Review: Jesus and the Victory of God by N.T. Wright

Wright JVG

[Note: the following is from an old seminary paper of mine from 2011, which I just recently re-discovered buried in an old Google Drive folder. I present it here in its original form, though I can see now that it could have used a bit more editorial finesse!]

N.T. Wright, Jesus and the Victory of God (Christian Origins and the Question of God, Vol. 2). Fortress Press, 1997.

Wright’s Audience

Wright directs this book to three primary audiences: those who portray our knowledge of Jesus as an icon, as a silhouette, and as a portrait. Wright describes the iconic view as seeing Jesus simply as an object of devotion. They see little need to discover the Jesus of history and instead dwell on Him primarily as a theological figure. The silhouette view, on the other hand, contends that the Gospels are largely inaccurate and we can only construct a rough outline of who the historical Jesus was. Finally, Wright describes the portrait view as those who believe we can and should recover much about the historical Jesus from His first-century Jewish context.

First, we will look at the roots of the icon view, which developed during the Reformation. According to Wright, the reformers had little use for the historical content of the Gospels but read them for timeless theological truths like the ones found in the Epistles (13). For the most part, says Wright, this is the view of modern orthodox Christians, who often regard quests for a historical Jesus as unnecessary. Such Christians believe it is important to know why Jesus died but often cannot explain why He lived or “the purpose of Jesus’ ministry” (14). Jesus’ benefits are considered more significant than His story as a first-century Jewish man (15). They often accept the Christ of faith apart from the Jesus of history for the purposes of theology, making Him into an icon or an object of devotion (16). While Wright agrees that Christ’s theological significance is important, he argues that knowledge of the historical Jesus is vital and must be understood within His first-century Jewish context (16).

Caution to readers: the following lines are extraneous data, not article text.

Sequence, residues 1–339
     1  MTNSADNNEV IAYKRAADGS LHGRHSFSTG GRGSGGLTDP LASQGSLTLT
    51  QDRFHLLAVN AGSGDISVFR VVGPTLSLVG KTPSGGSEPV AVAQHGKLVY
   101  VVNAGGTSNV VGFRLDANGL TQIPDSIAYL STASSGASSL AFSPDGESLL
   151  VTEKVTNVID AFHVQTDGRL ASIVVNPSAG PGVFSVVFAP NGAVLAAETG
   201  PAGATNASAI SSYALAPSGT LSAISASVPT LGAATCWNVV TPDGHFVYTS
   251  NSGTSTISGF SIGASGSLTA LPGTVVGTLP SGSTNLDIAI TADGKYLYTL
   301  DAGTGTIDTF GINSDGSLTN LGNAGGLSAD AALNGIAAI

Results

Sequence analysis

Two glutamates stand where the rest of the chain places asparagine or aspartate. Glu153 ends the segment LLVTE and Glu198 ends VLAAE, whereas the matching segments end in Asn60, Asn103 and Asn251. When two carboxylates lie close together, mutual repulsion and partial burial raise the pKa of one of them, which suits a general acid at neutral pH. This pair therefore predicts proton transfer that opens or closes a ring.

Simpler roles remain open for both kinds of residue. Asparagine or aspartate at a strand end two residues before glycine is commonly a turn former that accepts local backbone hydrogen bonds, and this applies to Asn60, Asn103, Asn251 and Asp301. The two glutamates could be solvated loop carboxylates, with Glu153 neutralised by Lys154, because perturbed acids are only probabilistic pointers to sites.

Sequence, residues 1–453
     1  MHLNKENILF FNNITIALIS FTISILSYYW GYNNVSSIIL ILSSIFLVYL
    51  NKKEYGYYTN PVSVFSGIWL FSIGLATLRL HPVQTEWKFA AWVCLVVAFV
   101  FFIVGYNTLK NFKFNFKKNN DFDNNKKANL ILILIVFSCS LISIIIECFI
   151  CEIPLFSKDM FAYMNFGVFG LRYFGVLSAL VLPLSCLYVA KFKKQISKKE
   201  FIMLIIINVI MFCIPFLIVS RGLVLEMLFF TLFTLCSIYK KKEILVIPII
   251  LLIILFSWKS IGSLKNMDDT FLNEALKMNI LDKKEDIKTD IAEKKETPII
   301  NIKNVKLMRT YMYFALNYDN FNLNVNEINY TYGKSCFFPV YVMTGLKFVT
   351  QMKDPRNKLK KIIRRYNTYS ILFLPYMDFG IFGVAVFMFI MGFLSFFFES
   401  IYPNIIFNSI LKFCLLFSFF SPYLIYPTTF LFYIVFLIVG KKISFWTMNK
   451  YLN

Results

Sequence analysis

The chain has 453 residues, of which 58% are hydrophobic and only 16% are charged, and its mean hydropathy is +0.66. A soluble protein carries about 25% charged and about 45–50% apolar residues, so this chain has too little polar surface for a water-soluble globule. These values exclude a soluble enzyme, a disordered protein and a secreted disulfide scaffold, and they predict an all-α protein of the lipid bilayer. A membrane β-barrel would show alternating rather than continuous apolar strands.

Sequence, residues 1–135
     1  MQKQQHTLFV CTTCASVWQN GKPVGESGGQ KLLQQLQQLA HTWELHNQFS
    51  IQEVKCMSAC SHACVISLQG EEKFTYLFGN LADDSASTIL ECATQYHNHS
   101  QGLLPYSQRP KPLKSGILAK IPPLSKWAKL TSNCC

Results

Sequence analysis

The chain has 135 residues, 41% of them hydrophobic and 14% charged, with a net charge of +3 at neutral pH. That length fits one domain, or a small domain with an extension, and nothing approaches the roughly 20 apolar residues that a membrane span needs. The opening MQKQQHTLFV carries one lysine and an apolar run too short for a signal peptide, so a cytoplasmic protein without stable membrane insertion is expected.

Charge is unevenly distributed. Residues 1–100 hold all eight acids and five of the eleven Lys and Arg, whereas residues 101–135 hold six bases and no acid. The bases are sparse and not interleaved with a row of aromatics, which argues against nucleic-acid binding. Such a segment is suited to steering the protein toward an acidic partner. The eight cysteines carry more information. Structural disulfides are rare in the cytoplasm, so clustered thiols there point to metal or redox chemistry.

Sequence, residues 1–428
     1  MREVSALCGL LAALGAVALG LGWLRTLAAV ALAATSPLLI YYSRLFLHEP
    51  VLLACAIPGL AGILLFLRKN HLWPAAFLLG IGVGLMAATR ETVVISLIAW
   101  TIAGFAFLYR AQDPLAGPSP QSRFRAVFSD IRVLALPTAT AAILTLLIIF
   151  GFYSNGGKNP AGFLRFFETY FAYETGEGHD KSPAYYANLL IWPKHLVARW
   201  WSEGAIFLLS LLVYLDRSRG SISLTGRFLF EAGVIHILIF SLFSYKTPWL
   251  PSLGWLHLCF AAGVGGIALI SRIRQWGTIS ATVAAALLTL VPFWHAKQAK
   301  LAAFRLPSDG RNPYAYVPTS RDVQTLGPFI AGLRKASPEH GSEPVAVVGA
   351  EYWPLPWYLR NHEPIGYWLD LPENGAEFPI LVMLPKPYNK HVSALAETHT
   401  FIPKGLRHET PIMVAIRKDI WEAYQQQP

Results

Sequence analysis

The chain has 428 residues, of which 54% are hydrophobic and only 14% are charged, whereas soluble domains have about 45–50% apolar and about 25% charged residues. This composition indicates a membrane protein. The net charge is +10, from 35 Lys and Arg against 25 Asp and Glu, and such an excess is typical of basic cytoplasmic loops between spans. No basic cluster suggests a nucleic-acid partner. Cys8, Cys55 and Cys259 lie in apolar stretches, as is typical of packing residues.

Wright’s second audience holds the silhouette view of the historical Jesus. Herman Reimarus was one of the first to hold this view (16). Like the reformers, they often neglected Jesus’ Jewishness, but now in order to portray Him (or tame Him) as a mere teacher of timeless truths (20). William Wrede claimed that we can know very little about the historical Jesus and that the Gospels largely portray the views of the early church (21). The Jesus Seminar and the modern critical movement are the main proponents of this view today. They inherited from the Bultmann school this minimalist posture toward Scripture and portrayed Jesus as a social reformer with a timeless ethic. While Wright affirms their desire to do historical study, he believes that their historical method is flawed; more can be known about the Jesus of history than they acknowledge, and Jesus must be studied within His distinctly Jewish context (20).

Wright’s third audience, consisting of the portrait proponents, was brought to the fore by Albert Schweitzer. He believed that one could accurately recover the historical contours of Jesus’ life (21). Schweitzer saw the historical Jesus as a thoroughly Jewish and apocalyptic figure (21). To him, Jesus was similar to His portrayal in the Gospels and the early church, though ultimately Jesus failed in His mission to usher in the end of the age (21). Ernst Kasemann (within this view) argued against Bultmann and his students, insisting that study of Jesus must be rooted in real history, not merely theology (23). Wright sees himself as part of this view, arguing for a Jewish eschatological Jesus as opposed to the “thoroughgoing skepticism of William Wrede” and liberal Protestantism (28). Wright sees contemporary proponents of this view as a diverse collection of  scholars, including Sanders, Witherington, and de Jonge (84). However, to Wright eschatology does not entail a literal “end of the space-time universe” (81). He affirms that we can know a great deal about the true Jesus of history, but he believes that Jesus was entirely successful in His mission (123).

Wright’s Method

In appealing to this critical audience, Wright does not assume the inerrancy of Scripture. Some will too quickly dismiss his work because of this, but if they read on, they will discover that Wright does have a very high view of Scripture. It is not that he doubts its accuracy, but rather that he doesn’t take it for granted. He often comments on the likelihood that Jesus actually said some particular saying, but he presents evidence in each case to show that the saying is likely to be genuine, even if scriptural inerrancy is not assumed.